We feel Hakeem Olajuwon rookie cards are an undervalued investment based on current prices. Hakeem was an absolute beast on both ends of the court, with flawless footwork on the low block and a silky-smooth shot. Few players in the league could match his stats and ability.
SHOP THE BEST HAKEEM OLAJUWON ROOKIE CARDS ON EBAY
Houston Rockets legend Hakeem Olajuwon (01/21/63) was the first pick in the 1984 Draft and repaid the favor with a duo of NBA championship wins in the mid-1990s. It’s not bad for a guy who didn’t start playing basketball until he was 15.
Hakeem Olajuwon’s rookie year stats: 82 games, 82 games started, 20.6 points per game, 11.9 total rebounds, and 2.7 blocks.
The center ended his career in 2002 after a single season with the Raptors, and he’s still well-remembered as one of the best defensive players of all time. We’ve listed a trio of the top Olajuwon rookie card options, with lots of info and investment advice below.
Best Rookie Cards
1986-87 is widely accepted as Olajuwon’s rookie season, although a couple of exciting options from 1984-85 are also famous. One is first on our list!
1984 Hakeem Olajuwon Star RC #237
It might not be Olajuwon’s official RC, but the 1984-85 Star is his first licensed NBA card. The bright orange background is the first thing that’ll probably catch your eye, while it features an action shot showing the player readying to shoot.
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Rather than an error, the older Star cards note his name as “Akeem” because Olajuwon had not yet changed the spelling of his name to “Hakeem.” PSA 10 versions are often his most expensive cards until you start looking at the RC we’ve listed below.
1986 Hakeem Olajuwon Fleer RC #82
The 1986 Fleer is seen as the ‘official’ Olajuwon rookie card and part of one of the most famous sets in the hobby. (It also spells his name correctly.) Olajuwon might be slightly disregarded compared to Charles Barkley, Karl Malone, Patrick Ewing, and MJ, who also had RCs in the set. However, it’s still expensive if you look at that elusive PSA 10 grade.
It features an image of Olajuwon backing into a Laker’s attacker, highlighting his enormous frame and incredible off-ball defense skills. 1986 Fleer basketball cards were susceptible to many problems, including issues with centering and widespread fakes, while the red corners chip very easily. It’s no wonder high-graded versions are worth so much.
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1986 Hakeem Olajuwon Fleer Stickers RC #9
Given the value of the average 1986 Fleer, the Sticker is a great budget option if you just have to own a bonafide Olajuwon RC. The intense action shot is a significant bonus, featuring Olajuwon dominating defensively against “Magic” Johnson. The insert isn’t as colorful as the card because it lacks a gloss finish, but it’s still a solid piece of memorabilia.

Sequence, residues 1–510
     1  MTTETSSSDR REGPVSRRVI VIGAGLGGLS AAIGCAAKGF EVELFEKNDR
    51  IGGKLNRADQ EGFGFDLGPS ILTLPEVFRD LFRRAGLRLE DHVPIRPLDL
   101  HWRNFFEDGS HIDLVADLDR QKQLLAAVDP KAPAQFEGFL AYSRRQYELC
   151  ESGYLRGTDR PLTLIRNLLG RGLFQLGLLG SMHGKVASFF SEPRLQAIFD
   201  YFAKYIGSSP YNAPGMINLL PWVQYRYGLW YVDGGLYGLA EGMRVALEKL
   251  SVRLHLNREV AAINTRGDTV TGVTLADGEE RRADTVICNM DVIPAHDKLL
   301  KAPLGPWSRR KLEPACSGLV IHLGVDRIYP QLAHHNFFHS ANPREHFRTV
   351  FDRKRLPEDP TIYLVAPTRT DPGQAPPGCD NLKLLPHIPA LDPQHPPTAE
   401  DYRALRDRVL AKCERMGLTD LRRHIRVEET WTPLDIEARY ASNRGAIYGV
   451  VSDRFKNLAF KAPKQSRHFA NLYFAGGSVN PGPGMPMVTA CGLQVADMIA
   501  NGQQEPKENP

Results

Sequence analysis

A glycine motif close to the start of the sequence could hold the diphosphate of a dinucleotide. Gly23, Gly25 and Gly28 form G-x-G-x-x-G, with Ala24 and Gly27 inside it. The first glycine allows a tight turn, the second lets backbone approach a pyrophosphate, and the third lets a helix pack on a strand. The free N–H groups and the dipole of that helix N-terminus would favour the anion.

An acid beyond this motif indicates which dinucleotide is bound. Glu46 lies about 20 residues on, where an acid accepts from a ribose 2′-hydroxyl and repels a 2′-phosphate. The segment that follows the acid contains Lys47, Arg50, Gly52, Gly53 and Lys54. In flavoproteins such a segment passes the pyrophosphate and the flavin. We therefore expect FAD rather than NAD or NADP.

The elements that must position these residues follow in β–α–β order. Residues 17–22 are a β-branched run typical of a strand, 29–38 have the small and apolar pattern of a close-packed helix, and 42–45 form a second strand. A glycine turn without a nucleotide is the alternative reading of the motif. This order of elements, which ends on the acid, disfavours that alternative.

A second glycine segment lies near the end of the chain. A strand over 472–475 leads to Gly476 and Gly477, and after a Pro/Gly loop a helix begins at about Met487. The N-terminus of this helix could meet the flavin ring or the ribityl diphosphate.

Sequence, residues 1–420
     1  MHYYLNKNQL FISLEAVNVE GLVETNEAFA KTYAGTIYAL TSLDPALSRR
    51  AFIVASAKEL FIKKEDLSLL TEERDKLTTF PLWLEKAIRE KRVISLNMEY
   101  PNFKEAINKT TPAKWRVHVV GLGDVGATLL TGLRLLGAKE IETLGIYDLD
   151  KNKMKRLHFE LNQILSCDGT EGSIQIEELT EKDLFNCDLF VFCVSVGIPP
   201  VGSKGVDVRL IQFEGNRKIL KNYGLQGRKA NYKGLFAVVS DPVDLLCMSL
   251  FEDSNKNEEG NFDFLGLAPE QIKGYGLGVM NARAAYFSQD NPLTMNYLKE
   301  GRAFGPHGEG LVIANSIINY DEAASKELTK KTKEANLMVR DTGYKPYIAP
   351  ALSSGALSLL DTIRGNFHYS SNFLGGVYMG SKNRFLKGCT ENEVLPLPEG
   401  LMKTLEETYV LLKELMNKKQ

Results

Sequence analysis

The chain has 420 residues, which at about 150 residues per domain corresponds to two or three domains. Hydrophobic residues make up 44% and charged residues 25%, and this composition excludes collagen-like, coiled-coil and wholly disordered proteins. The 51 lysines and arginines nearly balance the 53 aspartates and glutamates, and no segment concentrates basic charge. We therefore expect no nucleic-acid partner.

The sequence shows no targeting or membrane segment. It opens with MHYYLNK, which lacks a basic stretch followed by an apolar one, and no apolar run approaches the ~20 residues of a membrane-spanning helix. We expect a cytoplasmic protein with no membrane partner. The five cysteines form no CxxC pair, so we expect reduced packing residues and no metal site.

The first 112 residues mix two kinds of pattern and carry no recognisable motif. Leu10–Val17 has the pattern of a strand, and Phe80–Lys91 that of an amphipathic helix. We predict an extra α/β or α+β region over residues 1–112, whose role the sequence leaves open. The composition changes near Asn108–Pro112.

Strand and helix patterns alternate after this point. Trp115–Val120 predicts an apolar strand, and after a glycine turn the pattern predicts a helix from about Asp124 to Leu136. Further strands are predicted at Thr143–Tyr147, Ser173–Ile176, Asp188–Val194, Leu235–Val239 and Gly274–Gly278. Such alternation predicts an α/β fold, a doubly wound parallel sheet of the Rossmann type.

It’s probably the best image of all three cards, not that it matters to most collectors who’d prefer the 1986 Fleer. However, this means that it’s slept on ever so slightly, and it could be the best investment overall.
Hakeem Olajuwon Rookie Card Checklist
- 1986 Fleer Stickers Hakeem Olajuwon RC #9
- 1986 Fleer Hakeem Olajuwon RC #86
- 1986 Star Best of the New Hakeem Olajuwon RC #3
- 1984 Star Hakeem Olajuwon RC #237
- 1984 Star Court Kings 5×7 Hakeem Olajuwon RC #47
Hakeem Olajuwon Rookie Card Value
The most valuable Olajuwon rookie card is his 1986 Fleer, and we predict this card to rise much faster than the average NBA HOF player rookie card.
Hakeem Olajuwon is by far the best player of all time from Africa. This should help the value of the 1986 RC tremendously over the next 20 years as Africa moves away from a third-world economy to a first-world economy.
Hakeem Olajuwon Rookie Card: Risk Analysis and Investment Outlook
Olajuwon will always be seen as a legend for Rocket fans, but it’s worth mentioning his work off the court too. His affordable sneakers might have failed, but his RCs are still going strong thirty years on. The point is, Olajuwon is unlikely to face any significant controversies in the future unless he’s tricking us, Gustavo Fring style.
His rookie cards are all susceptible to issues deriving from the printing process, which is fair considering they’re older than I am.
Of the three cards we’ve discussed above, it’s clear that the 1896 Fleer is the one to go for, especially as it carries the most weight in terms of prestige. (Even if he didn’t get a mention in “The Last Dance” documentary, which would have given them a further boost.) We are buying as many as the 1986 Fleer rookie cards as possible (reasonably priced).